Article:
Specifically, the Smart Speaker Consumer Adoption Report states that iPhone owners are 22 percent more likely to own a smart speaker compared to non-Apple smartphone owners. Of the smart speakers on the market besides HomePod, iPhone users are 30 percent less likely to own a Google Home and favor devices like Amazon Echo.

Graphs via Voicebot.ai

In fact, Voicebot.ai argued that Apple and Amazon are likely companions in "multi-manufacturer households," where HomePod is purchased as a "luxury item for music listening" and Echo is used for more "utilitarian tasks."
iOS users are attractive consumers and far more likely to own a smart speaker overall, but far less likely to own a Google device. However, the data also suggests that Google is at less risk of losing share to Apple HomePod than Amazon. Apple and Amazon may be the focus of multi-manufacturer households where HomePod is a luxury item for music listening in living spaces while Echo products get placed in the kitchen and bedrooms for utilitarian tasks.

In addition, iPhone owners are a good fit for Amazon because they are far more likely to have made a purchase by voice and more likely the 30,000 Alexa skills offered to Echo users. The favoritism shown by Apple owners to Alexa devices may also appeal to developers. Historically, iPhone app users have been far more valuable to developers on a revenue basis than Android users.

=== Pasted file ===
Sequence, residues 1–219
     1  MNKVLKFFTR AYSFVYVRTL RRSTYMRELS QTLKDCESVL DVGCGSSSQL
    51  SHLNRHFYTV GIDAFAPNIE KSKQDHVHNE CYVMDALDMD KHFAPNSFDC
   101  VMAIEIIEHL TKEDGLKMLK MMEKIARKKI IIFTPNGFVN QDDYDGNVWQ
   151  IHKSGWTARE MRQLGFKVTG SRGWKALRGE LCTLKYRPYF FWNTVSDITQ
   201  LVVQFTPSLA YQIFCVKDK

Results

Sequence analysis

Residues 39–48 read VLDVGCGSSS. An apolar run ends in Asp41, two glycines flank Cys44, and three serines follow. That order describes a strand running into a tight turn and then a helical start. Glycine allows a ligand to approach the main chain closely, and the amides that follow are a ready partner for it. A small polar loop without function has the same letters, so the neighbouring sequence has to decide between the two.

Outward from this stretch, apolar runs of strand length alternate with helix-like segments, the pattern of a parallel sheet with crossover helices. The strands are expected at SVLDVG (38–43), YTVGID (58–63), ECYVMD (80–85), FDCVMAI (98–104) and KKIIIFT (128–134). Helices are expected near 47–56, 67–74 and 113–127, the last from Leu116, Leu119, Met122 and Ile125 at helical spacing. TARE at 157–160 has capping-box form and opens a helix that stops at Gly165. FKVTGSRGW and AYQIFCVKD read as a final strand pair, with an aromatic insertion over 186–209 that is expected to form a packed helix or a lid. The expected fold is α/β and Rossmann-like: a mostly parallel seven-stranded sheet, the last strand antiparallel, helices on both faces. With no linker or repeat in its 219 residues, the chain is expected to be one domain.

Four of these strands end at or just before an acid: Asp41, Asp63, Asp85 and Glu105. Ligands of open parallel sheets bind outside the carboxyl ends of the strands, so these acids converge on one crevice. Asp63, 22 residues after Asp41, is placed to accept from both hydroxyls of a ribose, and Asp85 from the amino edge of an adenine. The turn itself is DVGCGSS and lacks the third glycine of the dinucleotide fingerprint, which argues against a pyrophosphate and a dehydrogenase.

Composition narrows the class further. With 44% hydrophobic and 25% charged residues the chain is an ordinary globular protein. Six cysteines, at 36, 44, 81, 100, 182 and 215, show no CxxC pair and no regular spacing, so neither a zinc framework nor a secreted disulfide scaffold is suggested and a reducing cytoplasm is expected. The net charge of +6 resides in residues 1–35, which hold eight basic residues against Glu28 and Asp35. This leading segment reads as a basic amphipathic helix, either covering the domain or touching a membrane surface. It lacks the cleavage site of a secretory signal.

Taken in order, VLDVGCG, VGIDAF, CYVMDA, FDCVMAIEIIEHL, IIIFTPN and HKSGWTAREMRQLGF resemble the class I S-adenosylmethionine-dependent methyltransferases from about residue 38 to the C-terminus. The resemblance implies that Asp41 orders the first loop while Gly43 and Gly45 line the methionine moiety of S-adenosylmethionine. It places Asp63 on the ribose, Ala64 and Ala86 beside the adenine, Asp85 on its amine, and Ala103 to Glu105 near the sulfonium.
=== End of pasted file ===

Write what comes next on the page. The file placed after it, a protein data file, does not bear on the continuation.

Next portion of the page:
The report has many other interesting tidbits of information, stating that about 19.7 percent of adults in the United States use smart speakers, while 47.3 million have access to one of these devices. This means that they live in a home with a smart speaker, but may not be the primary owner -- a necessary distinction for the survey as smart speakers are "communal devices" used by entire households, unlike a smartphone with one user.

Many consumers own an average of 1.8 smart speakers, most place them in their living room (45.9 percent of owners) or kitchen (41.4 percent), and Amazon remains the dominant player in the market with a 3.5 times larger install base than Google. All of this growth surprised many analysts, particularly compared to growth rates of other product categories.
How does the march to nearly 50 million smart speaker consumers in 3 years compared to growth rates of other communications channels? Television took 13 years, the internet four years, and Facebook just two years. Smart speakers are devices but are growing almost as quickly as social media apps."